Milling A Glock Slide (August 12th 2015)

Here's a quick project I did for a friend's Glock 20 in 10mm. He wanted to put a Trijicon RMR 3.25 MOA adjustable red dot sight on it which called for a section of the slide to be milled out and to drill and tap two 6-32 holes. The only problem is I don't own a milling machine, so I had to run what I brung and use my lathe.


The miniature reflex sight and an optional baseplate.



Since I don't have a milling machine, I had to use my lathe in an unconventional way. I first took off the three jaw chuck and put on the faceplate. Then I lashed an angle grinder to the faceplate with some parachute cord and a Spanish Windlass. Then I spent a good while with indicators getting the compound parallel with the lathe's ways, and the grinding wheel perpendicular. Then I used three C clamps to clamp the pistol's slide to the compound. Again, I used an indicator to get the slide level. Some paper towel serves to prevent scratching the slide, although that Tenifer (ferritic nitrocarburized) coating Glock uses is hard as a rock. I originally thought I'd just file the slot by hand, but a file can't touch it.



Here's an action shot. I put a cutoff wheel in the angle grinder since I figured the cutting forces would be less than a wider grinding wheel which would help my sketchy setup in the rigidity department. The axis of the angle grinder is slightly offset from the axis of the faceplate, so I can rotate the faceplate a fair amount and only change the depth of cut slightly. The slot ended up being about 1.800" long and .075" deep. I covered the ways of the lathe and as much as I could of the carriage to keep the abrasive grinding dust out.



I ground out about .010" per pass and just moved the carriage back and forth slowly. Once I got close to depth I moved the cross slide from about .100" per row to about .030". This resulted in a very nice surface. Using a 4.5" diameter wheel, then that results in a 0.00005" tall ridges between rows. Not enough to even measure with my equipment.



Next I used the baseplate to mark the location for the two holes and I drilled them with a #32 bit for 50% thread engagement. I used a drill press for this operation and I think I hit the extractor plunger or something on the far hole. It shouldn't cause a problem since I just barely touched it, but it's something to watch out for if you're milling a Glock slide.



Then I went in with a 6-32 tap and tapped the holes. I used the drill press to hold the tap vertical, but rotated the chuck by hand.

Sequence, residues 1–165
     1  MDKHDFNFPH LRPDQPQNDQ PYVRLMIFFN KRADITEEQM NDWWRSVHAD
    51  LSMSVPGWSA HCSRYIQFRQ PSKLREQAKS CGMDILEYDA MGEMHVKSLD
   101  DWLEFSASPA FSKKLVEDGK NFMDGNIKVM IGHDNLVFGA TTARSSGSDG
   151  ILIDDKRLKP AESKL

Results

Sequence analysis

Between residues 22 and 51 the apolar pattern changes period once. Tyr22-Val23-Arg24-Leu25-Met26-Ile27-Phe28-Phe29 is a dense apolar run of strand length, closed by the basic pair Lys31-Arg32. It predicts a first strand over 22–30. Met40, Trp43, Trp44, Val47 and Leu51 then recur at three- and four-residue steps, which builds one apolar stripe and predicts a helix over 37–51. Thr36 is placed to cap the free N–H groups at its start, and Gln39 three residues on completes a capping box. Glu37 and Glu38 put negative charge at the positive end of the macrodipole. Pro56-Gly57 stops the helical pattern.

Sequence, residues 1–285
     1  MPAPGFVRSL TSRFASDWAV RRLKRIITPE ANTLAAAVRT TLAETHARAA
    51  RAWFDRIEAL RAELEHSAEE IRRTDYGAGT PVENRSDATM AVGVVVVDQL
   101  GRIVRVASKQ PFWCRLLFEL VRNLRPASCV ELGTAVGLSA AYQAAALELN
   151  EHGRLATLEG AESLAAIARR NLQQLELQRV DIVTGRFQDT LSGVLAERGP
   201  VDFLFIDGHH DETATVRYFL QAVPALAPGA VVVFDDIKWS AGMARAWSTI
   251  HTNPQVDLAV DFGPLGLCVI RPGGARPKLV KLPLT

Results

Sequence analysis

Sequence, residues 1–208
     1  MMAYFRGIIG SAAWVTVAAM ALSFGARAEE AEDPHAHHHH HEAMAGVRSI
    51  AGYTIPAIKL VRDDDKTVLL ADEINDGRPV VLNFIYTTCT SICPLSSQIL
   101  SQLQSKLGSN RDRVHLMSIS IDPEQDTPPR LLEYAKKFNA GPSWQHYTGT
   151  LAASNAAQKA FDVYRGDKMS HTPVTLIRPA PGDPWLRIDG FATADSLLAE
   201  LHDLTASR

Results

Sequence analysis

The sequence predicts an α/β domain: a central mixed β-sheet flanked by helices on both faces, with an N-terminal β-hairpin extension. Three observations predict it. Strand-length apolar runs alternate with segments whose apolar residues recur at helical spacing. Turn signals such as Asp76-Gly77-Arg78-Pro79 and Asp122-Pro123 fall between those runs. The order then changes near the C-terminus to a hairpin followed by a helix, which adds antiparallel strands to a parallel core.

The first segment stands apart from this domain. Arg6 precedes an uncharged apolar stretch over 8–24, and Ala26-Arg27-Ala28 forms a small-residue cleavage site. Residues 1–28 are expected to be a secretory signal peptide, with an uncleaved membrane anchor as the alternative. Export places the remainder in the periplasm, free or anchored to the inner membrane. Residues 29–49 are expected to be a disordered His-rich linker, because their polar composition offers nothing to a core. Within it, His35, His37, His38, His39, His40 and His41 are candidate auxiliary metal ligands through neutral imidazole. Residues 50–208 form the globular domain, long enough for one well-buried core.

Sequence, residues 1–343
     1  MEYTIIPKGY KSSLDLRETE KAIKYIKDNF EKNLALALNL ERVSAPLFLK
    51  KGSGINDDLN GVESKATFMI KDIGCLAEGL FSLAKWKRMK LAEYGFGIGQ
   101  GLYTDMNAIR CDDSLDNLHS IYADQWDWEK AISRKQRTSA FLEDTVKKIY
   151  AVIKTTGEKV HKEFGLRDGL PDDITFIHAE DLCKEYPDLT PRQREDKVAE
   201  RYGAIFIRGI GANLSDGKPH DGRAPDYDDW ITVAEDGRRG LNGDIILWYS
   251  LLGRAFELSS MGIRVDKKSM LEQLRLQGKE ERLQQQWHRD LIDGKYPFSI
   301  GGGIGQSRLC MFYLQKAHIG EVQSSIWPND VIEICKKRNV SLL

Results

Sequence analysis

Here's the sight screwed into the slot.



Once the gun was back together, it was off to the range to test it!



Here's the target from 10 yards shooting offhand with .40 S&W rounds. The first group showed it was shooting way left, so I corrected that by a full turn of the windage dial. That put the sight pretty much dead on. Then I tried 10mm rounds at a different target to see how they did. The two holes in the "wind gust" group were from the 10mm. I find this gun really hard to hold because the grip is so big. I don't have much experience shooting it and I was anticipating the recoil a bit as well.



The finished product.







His holster needed some minor modification because the sight hit the kydex shell. I cut out a small section with a cutoff wheel in a Dremel and smoothed the edges with some needle files so the gun would seat all the way down.





Milling Another Glock Slide (April 2nd 2016)

The same friend recently bought a Glock 29 in 10mm and he wanted me to put on a
Vortex Venom 3 MOA adjustable red dot sight. This time it was much easier because I've since bought a milling machine.


Vortex Venom 3 MOA red dot sight, 1/4" carbide end mill, and the victim.



Mill out a slot down to the depth of the rear dovetail.



Drill and tap two holes for the #6-48 screws.



The sight has a slight radius, so use a judicious amount of sharpie to paint where the metal will show. Loctite the screws in.



Aimbot installed.



Just like holding a 2x4.



It's a good to have some idea of what you're doing rather than winging it.


I found this gun really hard to shoot. 10mm is so snappy and this gun is fairly small that it's hard to get fast follow up shots. It's also super easy to shoot to the left. I don't think I'm anticipating the recoil, it's just I have a hard time with the grip.